- Question #1 – Tell us a little bit about yourself: where you’re from, family, job, personal interests, unique hobbies, what do you do in your spare time, etc.
I’m British – from southern England, where I’ve lived and worked my whole life. I am a pastor, and work for an Anglican church in a town called Maidenhead. Despite being a Brit, I’m something of an Americanophile – I love US history and politics. I’ve had the opportunity to visit the States numerous times and find America utterly fascinating. Other than that, I love hill walking – especially up in Scotland – and Thai cuisine.
- Question #2 – Did you always enjoy writing?
Yes – I’m a bit of an introvert, and so quite enjoy taking time out to play around with words. As a pastor I know that so much of Christian ministry feels intangible, and so it is a joy to have time to write and be creative and have something tangible to show at the end of it. Which isn’t to say writing is always easy – I’ve had many a day where I’ve ended up deleting most or all of what I’ve spent the day working on!
- Question #3 – What inspired you to write Connected: Living in the Light of the Trinity?
Understanding more about what it means for God to be Trinity has been one of the greatest joys in my Christian life. It has made me realize that God is both bigger and more beautiful than I had previously thought. His triune nature has captivated me, and as a pastor it is something I long for Christians to better grasp and enjoy.
So it was natural for me to want to do some writing on this, and to try to write something that would help Christians in general be excited and thankful about God being Trinity. I wanted to write a book that didn’t get bogged down in technicalities or Latin terminology, but which showed both the beauty and practical significance of the Trinity.
I remember thinking some time ago that if I could write an even vaguely helpful book on the Trinity then I would die a very happy man! Whatever else I may get round to writing in life, I can’t imagine writing on anything more significant and wonderful than this!
- Question #4 – Do you have a specific spot that you enjoy writing most?
I have to confess to enjoying writing in coffee shops, and Panera Bread is a favourite, particularly the one in Herndon, Northern Virginia. Writing can be quite an isolating experience so it is nice to write with other people in the background. Plus a cinnamon bun is a good mental stimulant!
- Question #5 – What book are you reading now?
I’m reading a number of books at the moment. One or two each on Christian theology and ethics, The Return of the King, and Hillary Clinton’s latest memoir (I’m a sucker for political biography).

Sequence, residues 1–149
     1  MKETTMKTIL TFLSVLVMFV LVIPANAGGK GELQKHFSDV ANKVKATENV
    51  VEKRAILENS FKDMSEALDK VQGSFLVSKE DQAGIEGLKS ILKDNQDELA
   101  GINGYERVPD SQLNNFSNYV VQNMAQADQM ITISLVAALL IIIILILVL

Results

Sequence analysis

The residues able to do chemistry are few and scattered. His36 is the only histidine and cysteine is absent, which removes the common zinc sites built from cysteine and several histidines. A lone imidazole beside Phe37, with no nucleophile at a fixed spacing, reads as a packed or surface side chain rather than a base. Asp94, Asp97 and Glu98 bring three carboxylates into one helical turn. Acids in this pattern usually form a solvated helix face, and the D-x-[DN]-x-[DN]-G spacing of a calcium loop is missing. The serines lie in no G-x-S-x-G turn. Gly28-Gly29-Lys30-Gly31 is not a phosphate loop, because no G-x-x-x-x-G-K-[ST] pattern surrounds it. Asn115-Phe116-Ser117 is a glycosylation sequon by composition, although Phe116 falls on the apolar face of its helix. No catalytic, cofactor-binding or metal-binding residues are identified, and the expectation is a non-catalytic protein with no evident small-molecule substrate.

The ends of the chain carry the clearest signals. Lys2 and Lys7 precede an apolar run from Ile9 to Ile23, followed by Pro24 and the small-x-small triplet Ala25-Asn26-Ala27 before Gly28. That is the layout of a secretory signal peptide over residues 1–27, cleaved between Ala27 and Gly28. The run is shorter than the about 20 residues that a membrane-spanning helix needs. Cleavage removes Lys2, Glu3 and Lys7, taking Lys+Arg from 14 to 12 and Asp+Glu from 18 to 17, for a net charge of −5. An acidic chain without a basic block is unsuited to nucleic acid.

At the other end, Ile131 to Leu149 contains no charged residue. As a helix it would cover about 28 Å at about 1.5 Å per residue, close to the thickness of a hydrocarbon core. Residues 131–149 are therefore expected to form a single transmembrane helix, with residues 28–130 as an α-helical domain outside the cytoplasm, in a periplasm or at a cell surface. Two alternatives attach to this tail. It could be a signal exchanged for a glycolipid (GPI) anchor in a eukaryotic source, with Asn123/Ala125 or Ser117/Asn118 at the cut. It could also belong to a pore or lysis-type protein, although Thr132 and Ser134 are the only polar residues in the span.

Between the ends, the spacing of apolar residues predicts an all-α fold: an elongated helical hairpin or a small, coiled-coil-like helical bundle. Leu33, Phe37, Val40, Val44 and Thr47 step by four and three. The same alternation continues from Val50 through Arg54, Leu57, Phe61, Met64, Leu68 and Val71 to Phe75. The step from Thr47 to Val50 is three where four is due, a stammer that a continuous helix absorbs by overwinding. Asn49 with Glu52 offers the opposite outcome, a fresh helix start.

- Question #6 – Do you have a favorite author? Who is it and why?
I have a number, and for different reasons: Tim Keller opens my eyes to God’s wisdom in his books; N. D. Wilson writes so beautifully; C. S. Lewis was the first author who taught me that it is enjoyable to think about God’s truth; Tolkien can utterly captivate and absorb me.
- Question #7 – What advice would you give to aspiring writers?
I read a book on writing that kept stressing the importance of remembering how bad your first draft will be. It is easy to read books and to think the finished work all poured out of the writer seamlessly in one go. The fact is, it takes me about as long to re-write a book as it does to do the first draft, so don’t worry that the first draft may be awful! There is a sense in which a book is never actually finished – it can always be improved.
- Question #8 – At what time of day do you write most?
I love writing in the mornings. I feel most fresh and clear-minded. If I start the day writing it is easier to carry on, otherwise it is very hard to make the gear-shift into it if I’ve been doing other things that day.
- Question #9 – What has been the best compliment?
I think the most encouraging piece of feedback I heard was someone who had just read my first book Lifted telling me that they’d finished it (adding that they rarely finish books) and that as a result they were so excited about Jesus being alive. It’s hard to top that!
- Question #10 – Do you have a favorite animal?
I love dogs – such great fun to be around, especially retrievers.
- Question #11 – Lord of the Rings or The Chronicles of Narnia? Why?
I love both, but Rings wins in the end as it has such an extraordinary depth and pathos that I can easily lose myself in.
- Question #12 – What famous person (living or dead) would you like to meet and why?
I’ve always loved the music of Mozart, and you sense from it a man who had both depth and levity to him. I’d love to meet him and get a sense of what was going on underneath his beautiful music.
- Question #13 – If you have a favorite book of the Bible, what is it and why?
My favourite book of the Bible tends to be whichever book I’ve most recently been studying closely. So at the moment it is Ezra. But Acts is a book I frequently come back to when I need to get my heart stirred afresh for the Lord’s work.
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